>>You make a lot of interesting and exotic foods. Do your kids eat all of it, or are they picky eaters? What is your policy in terms of if kids don’t like a certain food? Or if they’re not picky eaters, how do you ensure that?<<
Yes, my kids eat what I make. I don’t see any reason they shouldn’t! I try to make foods that my kids will enjoy, and they have the ability to enjoy a wide variety of foods, so that makes it easier to make foods they like! None of them are picky eaters at all and it’s not because they were born with a genetic tendency to eat what is put on the table.
The reason they have the ability to enjoy so many foods is because they’ve been given the opportunity on a regular basis without any emotional overtones attached to their eating habits. I remember years ago a good friend used to always tell me how picky her children were, and how ‘lucky’ I was that my kids weren’t picky. One day she was at our house and since it was getting late for our young children, I served an early dinner for all of them. It was egg pancakes, something my kids always enjoyed and her ‘picky’ four or five year old daughter was gobbling it up. My friend started exclaiming to me, with her daughter sitting right there, “I can’t believe she’s eating this! She never eats anything. She’s so picky, I can’t get her to eat anything. I can’t believe it!” And right on cue, her daughter suddenly stopped eating and told her mother she didn’t like it. It was so obvious that the problem wasn’t the child or the way she ate, but her mother paying too much attention to it; the child got a lot of attention as well as a feeling of power because of her ‘pickiness’.
Here’s my general approach to food: Don’t make a big deal of it and neither will they. Food is just food. Kids learn very quickly when the mother has a lot of emotion invested in their eating habits. I serve the food, and if they’re hungry, they’ll eat. I rarely insist on them eating if they don’t feel like it. (They do have to sit at the table with everyone, whether they’re choosing to eat or not, since mealtime isn’t about just the food; it’s a time for family togetherness and connection.) If they don’t want what I’m serving (and don’t think that they absolutely love every single dish I make – nope!), that’s fine with me. We have three meals a day and if they’re not hungry right at that moment, then they can eat when the next meal comes along. I don’t make a second dinner for someone who doesn’t want what everyone else is having, and they don’t have the alternative of making themselves a sandwich or eating a bowl of cereal. What I serve is what the choice is.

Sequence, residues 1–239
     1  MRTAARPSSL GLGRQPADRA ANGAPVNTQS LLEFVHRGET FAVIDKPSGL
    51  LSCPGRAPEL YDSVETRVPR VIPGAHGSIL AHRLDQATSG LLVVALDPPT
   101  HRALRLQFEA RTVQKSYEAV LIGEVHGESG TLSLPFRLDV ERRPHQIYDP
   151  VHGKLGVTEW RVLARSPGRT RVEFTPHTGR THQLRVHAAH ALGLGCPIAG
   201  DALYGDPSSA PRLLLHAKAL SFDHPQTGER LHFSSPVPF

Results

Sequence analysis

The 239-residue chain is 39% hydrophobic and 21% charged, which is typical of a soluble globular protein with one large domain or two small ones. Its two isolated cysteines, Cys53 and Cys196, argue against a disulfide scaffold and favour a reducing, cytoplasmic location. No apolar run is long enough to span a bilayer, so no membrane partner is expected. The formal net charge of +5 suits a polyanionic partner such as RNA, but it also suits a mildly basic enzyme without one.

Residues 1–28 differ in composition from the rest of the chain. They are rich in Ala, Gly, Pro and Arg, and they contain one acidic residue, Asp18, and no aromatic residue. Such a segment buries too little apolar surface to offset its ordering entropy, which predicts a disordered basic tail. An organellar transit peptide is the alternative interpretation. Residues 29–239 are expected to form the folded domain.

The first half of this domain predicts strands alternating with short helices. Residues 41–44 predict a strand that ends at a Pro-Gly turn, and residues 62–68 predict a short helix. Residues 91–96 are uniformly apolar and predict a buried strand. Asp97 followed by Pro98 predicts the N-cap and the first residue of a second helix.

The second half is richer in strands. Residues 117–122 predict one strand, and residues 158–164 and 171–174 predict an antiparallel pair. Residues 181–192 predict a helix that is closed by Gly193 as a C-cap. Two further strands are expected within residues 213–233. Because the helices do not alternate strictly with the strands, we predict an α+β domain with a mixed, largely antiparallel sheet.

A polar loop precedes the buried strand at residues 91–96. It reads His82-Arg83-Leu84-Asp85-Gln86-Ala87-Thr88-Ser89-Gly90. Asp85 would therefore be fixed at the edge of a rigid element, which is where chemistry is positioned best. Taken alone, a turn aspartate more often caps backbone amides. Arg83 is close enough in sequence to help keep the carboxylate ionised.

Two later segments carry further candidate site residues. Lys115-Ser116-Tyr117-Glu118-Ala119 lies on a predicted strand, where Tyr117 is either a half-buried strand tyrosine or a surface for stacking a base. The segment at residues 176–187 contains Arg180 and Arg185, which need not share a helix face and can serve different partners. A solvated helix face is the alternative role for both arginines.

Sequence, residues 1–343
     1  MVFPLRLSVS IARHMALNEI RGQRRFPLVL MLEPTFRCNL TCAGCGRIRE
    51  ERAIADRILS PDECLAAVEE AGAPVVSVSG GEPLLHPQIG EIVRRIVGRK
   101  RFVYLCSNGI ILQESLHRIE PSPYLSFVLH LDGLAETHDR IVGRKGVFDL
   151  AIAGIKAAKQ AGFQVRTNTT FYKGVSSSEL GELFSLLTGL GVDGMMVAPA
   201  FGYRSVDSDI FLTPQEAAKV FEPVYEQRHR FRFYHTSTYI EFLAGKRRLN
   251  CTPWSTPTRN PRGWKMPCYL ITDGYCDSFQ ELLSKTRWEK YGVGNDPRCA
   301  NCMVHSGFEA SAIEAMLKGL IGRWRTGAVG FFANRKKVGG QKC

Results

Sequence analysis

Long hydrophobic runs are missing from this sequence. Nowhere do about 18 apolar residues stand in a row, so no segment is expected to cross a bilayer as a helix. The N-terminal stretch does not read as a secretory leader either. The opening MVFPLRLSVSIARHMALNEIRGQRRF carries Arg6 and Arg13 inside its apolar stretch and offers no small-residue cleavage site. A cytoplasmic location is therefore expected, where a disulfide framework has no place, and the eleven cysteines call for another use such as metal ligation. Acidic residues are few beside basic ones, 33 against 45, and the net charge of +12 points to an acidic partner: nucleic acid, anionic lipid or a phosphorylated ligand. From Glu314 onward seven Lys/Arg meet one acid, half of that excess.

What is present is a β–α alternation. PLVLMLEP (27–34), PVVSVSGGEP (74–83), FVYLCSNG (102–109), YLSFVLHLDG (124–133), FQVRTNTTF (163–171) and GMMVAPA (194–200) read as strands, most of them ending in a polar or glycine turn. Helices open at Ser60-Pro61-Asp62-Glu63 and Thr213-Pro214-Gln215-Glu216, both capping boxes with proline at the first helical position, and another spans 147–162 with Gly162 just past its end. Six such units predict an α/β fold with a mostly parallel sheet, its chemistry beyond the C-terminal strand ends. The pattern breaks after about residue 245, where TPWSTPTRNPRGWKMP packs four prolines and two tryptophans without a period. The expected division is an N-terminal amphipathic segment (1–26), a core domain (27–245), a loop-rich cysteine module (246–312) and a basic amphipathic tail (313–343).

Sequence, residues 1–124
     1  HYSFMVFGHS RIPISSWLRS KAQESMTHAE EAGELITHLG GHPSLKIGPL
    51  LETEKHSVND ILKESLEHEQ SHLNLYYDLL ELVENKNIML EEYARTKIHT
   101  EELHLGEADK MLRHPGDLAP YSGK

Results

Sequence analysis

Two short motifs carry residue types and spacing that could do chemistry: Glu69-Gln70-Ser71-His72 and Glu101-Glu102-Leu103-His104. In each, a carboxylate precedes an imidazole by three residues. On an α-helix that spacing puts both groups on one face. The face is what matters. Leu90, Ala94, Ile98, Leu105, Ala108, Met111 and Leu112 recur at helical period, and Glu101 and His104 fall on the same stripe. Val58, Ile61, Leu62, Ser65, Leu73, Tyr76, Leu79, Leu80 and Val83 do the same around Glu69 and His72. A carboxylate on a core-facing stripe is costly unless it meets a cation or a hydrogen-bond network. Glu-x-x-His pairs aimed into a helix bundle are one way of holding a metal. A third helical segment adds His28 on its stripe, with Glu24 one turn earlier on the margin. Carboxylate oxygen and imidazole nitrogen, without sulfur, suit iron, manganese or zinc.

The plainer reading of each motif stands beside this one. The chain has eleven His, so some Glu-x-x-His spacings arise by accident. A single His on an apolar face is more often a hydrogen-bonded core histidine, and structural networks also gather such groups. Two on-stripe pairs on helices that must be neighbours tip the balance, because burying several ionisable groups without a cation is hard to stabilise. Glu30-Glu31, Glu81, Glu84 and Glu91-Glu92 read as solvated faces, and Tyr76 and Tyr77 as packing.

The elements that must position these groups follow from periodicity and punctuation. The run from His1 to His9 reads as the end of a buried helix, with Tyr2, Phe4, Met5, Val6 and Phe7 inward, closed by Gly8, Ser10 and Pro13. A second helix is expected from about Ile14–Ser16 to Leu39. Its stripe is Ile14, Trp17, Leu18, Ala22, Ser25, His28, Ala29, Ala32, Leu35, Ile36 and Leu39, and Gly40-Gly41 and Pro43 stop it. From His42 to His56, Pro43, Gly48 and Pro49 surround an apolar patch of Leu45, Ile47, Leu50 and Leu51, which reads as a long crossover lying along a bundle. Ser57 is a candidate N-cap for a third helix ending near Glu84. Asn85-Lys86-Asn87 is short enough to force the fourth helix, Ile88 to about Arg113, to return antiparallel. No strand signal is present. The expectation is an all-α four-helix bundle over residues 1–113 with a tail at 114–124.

Does that sound harsh? I don’t think it is. It’s a simple biological reality – the body gives a person signals as to when to eat. Hunger is the best spice. If they don’t feel like eating, I understand that’s not what their body needs right then. I don’t like every food, and I don’t expect them to. I don’t put food on my children’s plates except when they’re small – we put out serving bowls in the center of the table and everyone takes as much or as little as they want. I’ve sometimes suggested that they take just a small amount of something new that they’re not sure they’ll like. I don’t insist they finish everything on their plates, but I also want them to learn not to be wasteful, so I don’t want them to heap their plates full and then end up throwing most of it away.
I categorized this under frugal strategies because the willingness to eat a wide variety of foods means you can utilize whatever ingredients are affordable at that time, without worrying that someone will turn up their nose at it. I so often heard people say they could never cook like I do because their families are so picky that they wouldn’t eat beans, or they have to have meat every night. Picky children weren’t created in a vacuum and it’s a situation that can be changed.